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Title: A study of 'The life and death of Jason', The earthly paradise', Sigurd the Volsung', with special reference to Morris's treatment of his sources
Author: Arscott, Christine Marguerite
Awarding Body: London University
Current Institution: University of London
Date of Award: 1928
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Abstract:
In 1917 I was awarded-the London M.A. degree for a thesis entitled; "A Study of Some of the Influences traceable in the Poetry of William Morris, " and was recommended by my tutor (Mr. A. J. Wyatt) and by the examiners(Professors Herford and Sedgefield) to make a further development-of my subject. It was easy to decide which direction to take, for, having found my material enormous, I had concentrated an "The Early Romances". and "Sigurd the Volsung" dealing but slightly with"The Life and Death of Jason" and "The Earthly Paradise" I therefore began to investigate more fully the tales to which Morris turned his attention after the publication of his first volume of prose and verse, and to study therein his treatment of his sources. But Morris had read everything- Greek, Norse, Medieval, Modern - and wrote voluminously, so that, as "The Life and Death of Jason" grew too long to be included in "The Earthly Paradise," so my study grew too long to present as an examination That is why I am now offering, instead of a study of poetical works as a whole, a study of only three of them,, and am omitting "The Early Romances," "Love is Enough," "Poems by, the Way," and "Scenes from the Fall of Troy." I think it-advisable" however to make first a brief comment on the influences I discover, in "The Early Romances, " because though many of them, cease to be-separately discernible, in the later works, they could never be utterly lost. Perhaps my subject need some apology, for there is a feeling abroad against the effort to account for this or that quality of a poet's work; and certainly much passion has been wasted in, such, exercises, and a good many unsubstantial conclusions reached. But my opinion on this matter is that of St. John Lucas, who says, "Nothing can be drearier than to regard any great work of art as a punctual flower on a particular branch of a vast genealogical tree. Yet it is well to remember that we may find one at any rate' of the many keys which "unlock the heart" of a great poet hidden away amid even the rubbish and lumber left by his predecessors that a knowledge of the intellectual and artistic tendencies of his age may give us a fuller insight into his own mental processes, enabling us to distinguish between that which is excrescent, and showing us exactly where he broke away from old conventions and became unique."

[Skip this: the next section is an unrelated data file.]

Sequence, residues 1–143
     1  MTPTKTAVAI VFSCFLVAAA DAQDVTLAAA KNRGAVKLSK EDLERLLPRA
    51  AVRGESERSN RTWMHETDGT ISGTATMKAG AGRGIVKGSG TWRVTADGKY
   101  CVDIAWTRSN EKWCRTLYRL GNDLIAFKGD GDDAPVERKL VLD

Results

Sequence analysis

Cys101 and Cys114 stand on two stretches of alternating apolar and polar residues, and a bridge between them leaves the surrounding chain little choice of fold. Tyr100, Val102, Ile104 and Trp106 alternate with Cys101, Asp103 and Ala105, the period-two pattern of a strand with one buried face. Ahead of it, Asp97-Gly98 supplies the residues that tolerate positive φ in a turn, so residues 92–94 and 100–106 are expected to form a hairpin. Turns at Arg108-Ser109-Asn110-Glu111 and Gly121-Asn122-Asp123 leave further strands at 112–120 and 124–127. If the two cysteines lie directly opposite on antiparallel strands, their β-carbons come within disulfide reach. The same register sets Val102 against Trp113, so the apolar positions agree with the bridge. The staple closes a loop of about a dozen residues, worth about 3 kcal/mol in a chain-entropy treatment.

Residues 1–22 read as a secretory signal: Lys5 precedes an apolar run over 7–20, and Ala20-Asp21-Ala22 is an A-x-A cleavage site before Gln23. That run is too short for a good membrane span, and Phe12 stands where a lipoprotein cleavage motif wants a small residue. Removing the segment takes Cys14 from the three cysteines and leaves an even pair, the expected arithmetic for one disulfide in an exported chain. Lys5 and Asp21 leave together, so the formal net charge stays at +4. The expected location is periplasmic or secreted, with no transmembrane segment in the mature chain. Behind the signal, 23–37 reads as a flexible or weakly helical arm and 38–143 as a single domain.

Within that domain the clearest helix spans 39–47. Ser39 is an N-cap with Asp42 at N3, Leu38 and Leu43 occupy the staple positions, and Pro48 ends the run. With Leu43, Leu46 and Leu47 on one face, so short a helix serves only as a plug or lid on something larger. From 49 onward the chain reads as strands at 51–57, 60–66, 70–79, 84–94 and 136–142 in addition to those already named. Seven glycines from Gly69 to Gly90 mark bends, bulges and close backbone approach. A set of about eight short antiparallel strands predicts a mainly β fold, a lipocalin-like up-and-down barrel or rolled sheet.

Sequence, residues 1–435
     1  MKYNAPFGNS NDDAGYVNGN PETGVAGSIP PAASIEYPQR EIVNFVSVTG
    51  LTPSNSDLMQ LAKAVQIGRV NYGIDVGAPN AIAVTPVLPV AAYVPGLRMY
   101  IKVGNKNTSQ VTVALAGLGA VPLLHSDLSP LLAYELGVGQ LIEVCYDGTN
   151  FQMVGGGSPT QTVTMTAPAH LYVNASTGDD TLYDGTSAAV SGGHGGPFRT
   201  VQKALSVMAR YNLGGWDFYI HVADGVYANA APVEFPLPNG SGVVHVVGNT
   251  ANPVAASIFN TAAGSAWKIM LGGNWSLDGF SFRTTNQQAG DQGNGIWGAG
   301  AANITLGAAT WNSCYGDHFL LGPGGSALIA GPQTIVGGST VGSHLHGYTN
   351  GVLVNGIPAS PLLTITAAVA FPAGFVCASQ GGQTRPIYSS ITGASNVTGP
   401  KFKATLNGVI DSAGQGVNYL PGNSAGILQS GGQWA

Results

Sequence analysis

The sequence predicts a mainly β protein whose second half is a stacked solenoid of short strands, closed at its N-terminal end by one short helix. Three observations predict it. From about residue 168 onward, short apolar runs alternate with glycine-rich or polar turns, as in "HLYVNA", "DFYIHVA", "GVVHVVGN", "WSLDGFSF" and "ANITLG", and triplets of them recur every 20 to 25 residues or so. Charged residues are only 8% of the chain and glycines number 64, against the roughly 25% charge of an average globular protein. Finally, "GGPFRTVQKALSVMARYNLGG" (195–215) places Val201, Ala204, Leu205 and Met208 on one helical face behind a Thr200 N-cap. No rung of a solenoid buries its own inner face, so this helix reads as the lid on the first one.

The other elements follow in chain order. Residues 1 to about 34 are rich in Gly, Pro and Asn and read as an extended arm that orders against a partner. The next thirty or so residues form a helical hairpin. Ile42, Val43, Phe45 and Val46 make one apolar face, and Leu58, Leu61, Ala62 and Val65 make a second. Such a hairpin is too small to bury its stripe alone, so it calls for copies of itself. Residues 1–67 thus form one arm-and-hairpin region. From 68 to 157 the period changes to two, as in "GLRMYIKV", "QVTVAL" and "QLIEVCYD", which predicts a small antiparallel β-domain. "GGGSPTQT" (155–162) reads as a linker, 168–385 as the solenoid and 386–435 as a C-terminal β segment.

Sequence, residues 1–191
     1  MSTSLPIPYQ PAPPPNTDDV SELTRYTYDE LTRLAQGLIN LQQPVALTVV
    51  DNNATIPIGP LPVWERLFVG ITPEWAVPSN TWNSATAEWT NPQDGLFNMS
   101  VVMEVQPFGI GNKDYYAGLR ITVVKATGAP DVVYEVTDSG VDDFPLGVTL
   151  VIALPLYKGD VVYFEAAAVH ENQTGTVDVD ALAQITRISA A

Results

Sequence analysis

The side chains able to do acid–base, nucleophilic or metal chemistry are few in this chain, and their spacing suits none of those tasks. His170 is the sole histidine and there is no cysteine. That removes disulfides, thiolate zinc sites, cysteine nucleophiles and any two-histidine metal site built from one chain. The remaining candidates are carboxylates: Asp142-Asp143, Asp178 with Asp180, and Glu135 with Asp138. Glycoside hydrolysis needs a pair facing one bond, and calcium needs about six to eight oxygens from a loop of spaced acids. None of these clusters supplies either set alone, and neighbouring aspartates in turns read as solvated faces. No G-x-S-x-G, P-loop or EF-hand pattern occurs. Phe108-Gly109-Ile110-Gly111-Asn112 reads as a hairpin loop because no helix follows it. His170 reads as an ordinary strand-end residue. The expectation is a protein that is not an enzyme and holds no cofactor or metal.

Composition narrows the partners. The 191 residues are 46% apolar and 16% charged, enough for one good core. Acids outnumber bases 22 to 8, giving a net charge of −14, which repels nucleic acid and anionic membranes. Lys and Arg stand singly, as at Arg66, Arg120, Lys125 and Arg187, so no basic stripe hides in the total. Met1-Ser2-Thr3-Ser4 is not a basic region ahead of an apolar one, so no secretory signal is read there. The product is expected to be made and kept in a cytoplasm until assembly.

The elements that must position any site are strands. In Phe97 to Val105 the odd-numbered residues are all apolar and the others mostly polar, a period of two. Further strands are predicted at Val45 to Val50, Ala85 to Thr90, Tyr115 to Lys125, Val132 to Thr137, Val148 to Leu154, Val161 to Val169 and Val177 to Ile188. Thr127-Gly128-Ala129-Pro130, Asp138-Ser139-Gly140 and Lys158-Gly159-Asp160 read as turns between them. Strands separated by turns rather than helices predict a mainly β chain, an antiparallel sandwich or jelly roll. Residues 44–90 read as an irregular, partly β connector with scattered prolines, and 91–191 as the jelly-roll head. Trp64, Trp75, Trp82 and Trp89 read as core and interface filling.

Supervisor: Not available Sponsor: Not available
Qualification Name: Thesis (Ph.D.) Qualification Level: Doctoral
EThOS ID: uk.bl.ethos.487426  DOI: Not available
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